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November 19, 2008


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David Alston

Hey there Paul,

Great post and thanks for referencing mine. I definitely agree with you - it is awfully similar to the early .com URL rush. Of course the other option would be to do what we do, Dell does, Zappos does etc...unmask the brand and bring the names behind the scenes forward as the many Twitter handles. MotrinSally and MotrinBeth etc... would be my choice after have had a chance to rethink my earlier post.

Great idea with the contest. Hope I win, I love to read about wine without all of the headaches (tho I know Gary would say that's exactly what his book was intended to do completely on its own :)

Cheers. David

Paul Chaney

Thanks David. Glad to see you were listening. :)

Beth Harte

Paul, here's what I am struggling with...this was not a social media campaign. This was a traditional campaign that has been running since September 30th. "Listening" in this sense is watching click-thrus, seeing when traffic spikes on their website, monitoring for an increase in sales at the local Walgreens, etc.

I don't agree that McNeil has egg on their face at all. And I am disappointed that they pulled the ad campaign that was most likely well-researched with their typical market and, apparently, WAS acceptable AND working with their market for SIX weeks.

The voice of a few mommy bloggers that have tools at their disposal to make noise doesn't justify this as a bad campaign or Motrin not listening to their market.

Now, all that said, I believe all companies should be "listening" and in engaging in conversation with their customers/prospects/investors/employees/etc., but the fact of the matter is most are not there yet. And, most moms are NOT on Twitter. We need to help companies like J&J get on board, but not by beating them up. Let's be critical, constructive and helpful.

As for their typical market, I think my sister-in-law is it. She is a mom of three young ones and lost her cell phone at Halloween. Guess what? She could care less. She is too busy. Her biggest thrill? Being able to share pictures of her kids taken with digital camera, uploaded to Shutterfly and then shared with a link via a Yahoo! e-mail. That is NEW technology to her and I can tell you, she is not expanding much past those tools. (She thinks I am a complete lunatic for being online all the time & having a BlackBerry, if that gives you any indication.)

Thanks for letting me share my views Paul, it's much appreciated.

Paul Chaney

Beth, more than happy to accommodate your thoughts. You think like and speak from the standpoint of a true marketing professional. And I'm sure you're right in that McNeil did their typical market research with their typical market. That's the problem, things aren't "typical" any longer. The pile of pooh J&J inadvertently stepped in is just another example.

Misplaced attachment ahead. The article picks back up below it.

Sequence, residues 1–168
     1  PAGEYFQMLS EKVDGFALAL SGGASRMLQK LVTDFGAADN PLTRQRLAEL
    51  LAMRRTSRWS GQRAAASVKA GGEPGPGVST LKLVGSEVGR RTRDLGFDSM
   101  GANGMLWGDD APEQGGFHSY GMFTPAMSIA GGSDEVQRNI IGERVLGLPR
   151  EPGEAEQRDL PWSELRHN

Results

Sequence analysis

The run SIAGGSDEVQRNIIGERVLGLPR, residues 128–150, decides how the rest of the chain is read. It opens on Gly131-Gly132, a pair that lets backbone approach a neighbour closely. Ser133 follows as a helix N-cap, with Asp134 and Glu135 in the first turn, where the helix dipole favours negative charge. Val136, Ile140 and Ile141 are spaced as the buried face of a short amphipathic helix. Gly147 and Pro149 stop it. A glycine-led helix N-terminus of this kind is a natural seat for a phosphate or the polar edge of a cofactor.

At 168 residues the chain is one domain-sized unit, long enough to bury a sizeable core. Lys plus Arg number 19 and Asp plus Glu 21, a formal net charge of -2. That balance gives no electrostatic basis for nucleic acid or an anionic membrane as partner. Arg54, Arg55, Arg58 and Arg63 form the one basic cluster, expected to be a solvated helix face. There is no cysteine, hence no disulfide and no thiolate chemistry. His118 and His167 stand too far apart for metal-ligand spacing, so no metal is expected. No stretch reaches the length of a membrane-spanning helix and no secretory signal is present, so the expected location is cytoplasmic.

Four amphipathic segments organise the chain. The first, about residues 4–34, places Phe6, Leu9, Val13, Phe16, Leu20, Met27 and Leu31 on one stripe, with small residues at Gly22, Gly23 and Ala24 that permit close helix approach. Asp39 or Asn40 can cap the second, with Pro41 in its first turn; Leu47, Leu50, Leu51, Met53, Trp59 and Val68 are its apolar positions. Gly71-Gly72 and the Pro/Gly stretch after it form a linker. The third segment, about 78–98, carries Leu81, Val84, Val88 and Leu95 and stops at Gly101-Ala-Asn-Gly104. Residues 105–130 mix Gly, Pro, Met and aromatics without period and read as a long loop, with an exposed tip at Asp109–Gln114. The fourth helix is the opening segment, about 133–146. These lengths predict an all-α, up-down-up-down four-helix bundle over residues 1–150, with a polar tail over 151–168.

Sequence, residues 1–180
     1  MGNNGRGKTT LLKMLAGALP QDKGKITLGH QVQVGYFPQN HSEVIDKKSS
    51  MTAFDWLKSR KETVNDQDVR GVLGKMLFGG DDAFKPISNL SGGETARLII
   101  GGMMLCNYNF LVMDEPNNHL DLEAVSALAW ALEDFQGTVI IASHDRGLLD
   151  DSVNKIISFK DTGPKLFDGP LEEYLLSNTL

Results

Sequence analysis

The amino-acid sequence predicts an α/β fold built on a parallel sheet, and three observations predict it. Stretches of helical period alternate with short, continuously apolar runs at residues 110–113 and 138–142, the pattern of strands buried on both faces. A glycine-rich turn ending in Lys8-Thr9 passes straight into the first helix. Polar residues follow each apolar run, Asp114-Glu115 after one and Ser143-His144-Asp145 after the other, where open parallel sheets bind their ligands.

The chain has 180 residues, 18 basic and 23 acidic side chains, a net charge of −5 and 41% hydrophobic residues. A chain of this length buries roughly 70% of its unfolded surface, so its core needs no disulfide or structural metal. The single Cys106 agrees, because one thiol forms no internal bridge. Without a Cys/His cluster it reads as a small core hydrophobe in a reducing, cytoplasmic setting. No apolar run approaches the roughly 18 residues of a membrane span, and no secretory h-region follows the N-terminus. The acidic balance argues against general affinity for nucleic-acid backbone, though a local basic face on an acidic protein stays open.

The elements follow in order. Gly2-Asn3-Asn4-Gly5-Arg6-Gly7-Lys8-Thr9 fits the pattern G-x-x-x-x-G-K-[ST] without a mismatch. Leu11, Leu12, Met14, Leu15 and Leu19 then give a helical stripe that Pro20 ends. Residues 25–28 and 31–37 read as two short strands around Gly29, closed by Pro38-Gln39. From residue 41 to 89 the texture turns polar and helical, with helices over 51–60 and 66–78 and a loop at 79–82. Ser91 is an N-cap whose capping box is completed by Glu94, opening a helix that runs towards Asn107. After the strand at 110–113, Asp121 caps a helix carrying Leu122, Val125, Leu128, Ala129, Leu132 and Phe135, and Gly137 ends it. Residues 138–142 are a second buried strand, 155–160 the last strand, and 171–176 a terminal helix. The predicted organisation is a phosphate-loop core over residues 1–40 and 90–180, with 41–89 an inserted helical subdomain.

I like what Shel Holtz said in his comment on Cathy Taylor's Social Media Insider post on the subject: "Build or tap into a community that mirrors your target market and test the ad with them. If McNeil had had a mommy community — a closed one that was set up for them by companies like LiveWorld or an open one in which McNeil participated — they could have shown the ad (or storyboards) and asked for feedback before proceeding."

Personally, I'd love to hear Motrin's story from the horses mouth.

Long story short, in my naive view of things, brands have no choice but to do what Shel and David Alston said. What's typical has to be thrown out the window.

Beth Harte

"You think like and speak from the standpoint of a true marketing professional."

Well...I am. LOL! :) And, please don't say that like it's a disease that eats the brain. Heh.

I agree, companies need to understand that things are no longer typical. Because they are not. You know me and know that I am 10000% behind that. But, I still say that we cannot berate J&J for the opinions of a small, vocal minority.

If I rounded up 100 moms right off the street and said "Twitter, Motrin, Social Media." What do you think their reaction would be? Do you think they'd say "Ah, yes, the J&J debacle!" or do you think they'd say "What is Twitter?" I am going with the latter.

My point is that our typical (social media) is not J&J's typical (traditional). Just not yet...but we are getting there and this will help J&J to recognize the importance of conversation.

For now, they are a Fortune 500 company with TONS o' lawyers and stock holders. We need to be patient.

Paul Chaney

"a disease that eats the brain." No, that's what social media marketing is. :-)

Patience is a virtue but not a luxury these companies can afford IMO. People are holding companies to much higher levels of accountability and, as we saw in this instance, it doesn't take long to set off a firestorm of controversy.

The answer...do what David Alston and Shel Holtz suggested. There's no reason for the J&Js of the world not to embrace a social media mindset now rather than later.


I know that very few folks will believe this, but firstly I've never seen the commercial in question, and secondly, I'd never heard of Motrin. I had to ask what it was.

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